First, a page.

Apple Crushing It with Lucy Knisley
Around seven years or so ago I moved from New York City to Evanston, IL. At the time, I had no idea that my new town was such a children’s literature magnet. Indeed it wasn’t long before I came to realize just how lucky I was in terms of the wealth of centralized talent. And not just children’s book creators either! There are a great deal of comic and graphic novelists here as well. Folks like Emil Ferris, Keiler Robert, Jessica Abel, Ozge Samanci, and . . . Lucy Knisley!
They’re all cool, but Lucy’s a bit of a thrill. I’d been casually reading her autobiographical comics like Relish and Something New for years. To have her in town? A sheer delight. Particularly since she’s been switching at least some of her focus to children’s books for the last few years. Her comic Stepping Stones was published in 2020 and fictionalized her life growing up, at least partially, on her mom’s farm. And today, May 3, 2022, is the publication date of none other than Apple Crush, sequel to Stepping Stones!
Here’s the plot summary, in case you’re curious:
After finally adjusting to life on a family farm with two brand new step-sisters, a young girl faces an even bigger challenge – figuring out where she fits in at her first year in middle school. This middle grade graphic novel explores family, friendship, and change!
Jen is just getting used to her life on Peapod Farm with her new stepsisters, Andy and Reese. But when the school year starts, there are even more changes in store for her. Jen has to navigate new friends and new challenges–but at least she’ll have Andy with her, right? As she starts the sixth grade, she finds that her stepsister seems way more interested in crushes and boys than hanging out with her, while Jen wants to know when the world decided boys and girls couldn’t be “just friends” anymore.
Jen’s story continues in the standout sequel to Stepping Stones that captures everything awesome (and scary) about growing up.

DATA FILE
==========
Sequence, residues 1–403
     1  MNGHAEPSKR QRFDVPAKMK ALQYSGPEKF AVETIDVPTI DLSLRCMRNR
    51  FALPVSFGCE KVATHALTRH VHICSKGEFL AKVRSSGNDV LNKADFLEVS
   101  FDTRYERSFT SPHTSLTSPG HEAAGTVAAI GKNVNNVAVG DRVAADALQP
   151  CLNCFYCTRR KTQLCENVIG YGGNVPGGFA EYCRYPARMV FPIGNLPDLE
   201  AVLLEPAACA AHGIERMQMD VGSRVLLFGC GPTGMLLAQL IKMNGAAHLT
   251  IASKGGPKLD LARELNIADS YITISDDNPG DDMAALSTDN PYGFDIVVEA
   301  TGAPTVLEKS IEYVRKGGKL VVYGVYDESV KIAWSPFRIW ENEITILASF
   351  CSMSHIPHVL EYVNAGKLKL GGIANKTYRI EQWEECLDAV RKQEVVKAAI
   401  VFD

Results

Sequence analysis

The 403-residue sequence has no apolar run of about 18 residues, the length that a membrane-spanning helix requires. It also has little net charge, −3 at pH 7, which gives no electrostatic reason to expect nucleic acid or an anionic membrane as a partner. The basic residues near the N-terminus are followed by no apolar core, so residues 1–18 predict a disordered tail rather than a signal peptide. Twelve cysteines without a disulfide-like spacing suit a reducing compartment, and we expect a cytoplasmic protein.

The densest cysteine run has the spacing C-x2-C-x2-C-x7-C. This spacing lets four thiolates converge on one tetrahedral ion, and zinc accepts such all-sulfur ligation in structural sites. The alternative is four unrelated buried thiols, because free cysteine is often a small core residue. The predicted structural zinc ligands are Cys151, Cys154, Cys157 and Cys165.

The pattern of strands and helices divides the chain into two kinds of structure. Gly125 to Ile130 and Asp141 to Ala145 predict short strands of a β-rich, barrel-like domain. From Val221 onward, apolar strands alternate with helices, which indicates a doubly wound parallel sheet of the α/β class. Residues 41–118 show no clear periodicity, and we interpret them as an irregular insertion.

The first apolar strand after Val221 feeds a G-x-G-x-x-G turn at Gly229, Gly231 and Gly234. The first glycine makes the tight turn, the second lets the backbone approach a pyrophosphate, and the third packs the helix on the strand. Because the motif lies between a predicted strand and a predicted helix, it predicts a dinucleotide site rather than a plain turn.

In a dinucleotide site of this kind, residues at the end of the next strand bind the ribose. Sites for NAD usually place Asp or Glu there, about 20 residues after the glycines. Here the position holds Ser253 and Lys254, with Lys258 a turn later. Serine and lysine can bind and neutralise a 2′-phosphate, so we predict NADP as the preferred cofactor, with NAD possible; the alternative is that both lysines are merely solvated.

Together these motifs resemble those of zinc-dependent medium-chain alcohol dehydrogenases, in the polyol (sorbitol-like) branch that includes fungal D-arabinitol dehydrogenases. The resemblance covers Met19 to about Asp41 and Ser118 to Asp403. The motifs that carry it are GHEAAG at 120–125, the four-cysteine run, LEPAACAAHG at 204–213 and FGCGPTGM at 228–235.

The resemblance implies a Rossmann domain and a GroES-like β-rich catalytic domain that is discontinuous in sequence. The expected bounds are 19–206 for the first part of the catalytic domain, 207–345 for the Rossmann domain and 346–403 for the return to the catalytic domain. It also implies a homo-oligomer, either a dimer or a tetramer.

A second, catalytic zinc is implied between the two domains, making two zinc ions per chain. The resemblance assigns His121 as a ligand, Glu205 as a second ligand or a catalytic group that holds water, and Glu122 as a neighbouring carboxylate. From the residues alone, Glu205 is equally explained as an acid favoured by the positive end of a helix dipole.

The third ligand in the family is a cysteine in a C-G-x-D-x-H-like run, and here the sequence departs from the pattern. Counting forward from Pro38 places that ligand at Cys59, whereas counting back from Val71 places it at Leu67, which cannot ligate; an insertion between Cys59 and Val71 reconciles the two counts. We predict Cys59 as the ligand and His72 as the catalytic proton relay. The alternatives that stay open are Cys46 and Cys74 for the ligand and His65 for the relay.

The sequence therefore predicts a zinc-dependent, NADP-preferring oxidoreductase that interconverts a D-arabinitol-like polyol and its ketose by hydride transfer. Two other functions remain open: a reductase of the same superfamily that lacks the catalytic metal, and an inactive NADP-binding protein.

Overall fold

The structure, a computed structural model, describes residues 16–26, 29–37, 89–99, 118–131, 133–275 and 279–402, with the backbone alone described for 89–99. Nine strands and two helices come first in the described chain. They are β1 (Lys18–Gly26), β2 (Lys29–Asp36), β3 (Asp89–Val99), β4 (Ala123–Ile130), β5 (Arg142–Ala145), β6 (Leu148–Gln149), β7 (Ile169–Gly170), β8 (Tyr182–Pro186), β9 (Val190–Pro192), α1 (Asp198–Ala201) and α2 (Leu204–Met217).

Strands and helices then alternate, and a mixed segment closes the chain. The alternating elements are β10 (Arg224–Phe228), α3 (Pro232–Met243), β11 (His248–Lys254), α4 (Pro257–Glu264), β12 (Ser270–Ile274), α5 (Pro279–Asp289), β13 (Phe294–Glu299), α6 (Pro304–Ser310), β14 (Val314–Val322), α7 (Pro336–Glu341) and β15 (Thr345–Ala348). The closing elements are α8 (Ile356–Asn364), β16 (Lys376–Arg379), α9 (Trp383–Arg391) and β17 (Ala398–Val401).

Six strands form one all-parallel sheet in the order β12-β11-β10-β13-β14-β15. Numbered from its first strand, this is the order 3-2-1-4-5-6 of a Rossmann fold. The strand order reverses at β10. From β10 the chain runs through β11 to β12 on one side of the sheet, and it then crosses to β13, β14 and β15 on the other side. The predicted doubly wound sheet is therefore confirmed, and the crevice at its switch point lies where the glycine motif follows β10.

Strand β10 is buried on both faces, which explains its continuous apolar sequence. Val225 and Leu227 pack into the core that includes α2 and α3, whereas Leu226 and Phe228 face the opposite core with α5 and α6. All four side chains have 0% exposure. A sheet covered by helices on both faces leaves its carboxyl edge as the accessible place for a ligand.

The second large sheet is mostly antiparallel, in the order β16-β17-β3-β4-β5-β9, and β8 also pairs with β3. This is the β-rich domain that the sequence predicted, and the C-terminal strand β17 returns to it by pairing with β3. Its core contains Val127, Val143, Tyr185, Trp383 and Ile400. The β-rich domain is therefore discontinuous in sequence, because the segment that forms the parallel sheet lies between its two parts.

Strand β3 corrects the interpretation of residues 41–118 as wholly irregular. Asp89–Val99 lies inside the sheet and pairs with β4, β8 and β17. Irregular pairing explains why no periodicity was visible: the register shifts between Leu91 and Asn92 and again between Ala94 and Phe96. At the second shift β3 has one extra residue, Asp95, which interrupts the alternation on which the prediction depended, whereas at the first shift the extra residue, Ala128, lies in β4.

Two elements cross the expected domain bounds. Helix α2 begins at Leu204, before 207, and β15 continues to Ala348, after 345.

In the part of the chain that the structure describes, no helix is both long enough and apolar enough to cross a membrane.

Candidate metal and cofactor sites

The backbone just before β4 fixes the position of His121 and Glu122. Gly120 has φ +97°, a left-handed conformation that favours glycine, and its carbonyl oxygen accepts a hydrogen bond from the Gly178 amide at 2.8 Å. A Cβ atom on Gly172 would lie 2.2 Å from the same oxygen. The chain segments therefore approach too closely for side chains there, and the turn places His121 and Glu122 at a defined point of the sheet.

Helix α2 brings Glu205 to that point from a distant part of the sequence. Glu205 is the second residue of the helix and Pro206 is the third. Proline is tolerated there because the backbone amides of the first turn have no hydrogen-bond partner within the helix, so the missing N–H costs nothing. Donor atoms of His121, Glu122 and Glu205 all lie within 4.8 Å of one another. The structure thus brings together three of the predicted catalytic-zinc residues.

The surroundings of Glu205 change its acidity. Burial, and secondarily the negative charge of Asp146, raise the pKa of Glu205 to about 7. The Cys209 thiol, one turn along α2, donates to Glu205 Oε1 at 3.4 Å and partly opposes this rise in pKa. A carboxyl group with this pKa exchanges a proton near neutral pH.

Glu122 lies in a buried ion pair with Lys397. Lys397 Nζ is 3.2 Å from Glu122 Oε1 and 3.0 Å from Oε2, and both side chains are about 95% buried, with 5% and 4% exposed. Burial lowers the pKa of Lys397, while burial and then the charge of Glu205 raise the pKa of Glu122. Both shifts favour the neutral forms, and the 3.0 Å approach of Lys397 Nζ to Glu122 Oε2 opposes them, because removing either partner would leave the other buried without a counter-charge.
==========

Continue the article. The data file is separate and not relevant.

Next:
It’s kind of silly to interview her since she lives just a few blocks from me, but what the heck? Let’s do a good old-fashioned interview. Just like mama used to make:
Betsy Bird: Hi, Lucy! I know that somewhere out there in this world there are hoards of girls screaming with delight that a sequel to STEPPING STONES is nigh. But before we get to all of that, I’m curious about whether or not making a sequel was always the plan or sort of came up naturally after the success of the first book. Which was the case?
Lucy Knisley: It was always the plan! I wanted to tell stories about living on a farm, and that would always be seasonal. Every season on a farm is a totally different experience– different harvests and chores. Stepping Stones is Spring/Summer, Apple Crush is Fall, and the next one will be set in winter. While Stepping Stones is about shifting family dynamics, Apple Crush is more about shifting tides of friendship and romance.
BB: My daughter’s 10 a.k.a. sort of the perfect age for your books. That said, she’s currently obsessed with romance in everything she reads. Not necessarily fulfilled romance, but at least the acknowledgment that it exists in the universe. With that in mind, I know the main character in your book, Jen, is sort of rejecting that whole thing. Was that true of you at that age?
LK: I was a big nerd, like Jen, and many of my friends were boys. It absolutely rocked my world when the dynamics started changing around me. And having gone through my parents’ divorce, like Jen and Andy have, my perception of love and romance came from that background. But I caught on a little quicker than Jen– I had a boyyyyyyfriend at age 12, and I credit my early friendship with him to my ability to navigate those waters. For a lot of girls in my class, boys were MYSTERIOUS and EXOTIC, which is how Andy feels. All kids come at romance from their own angles; I was sort of a mix between Jen and Andy.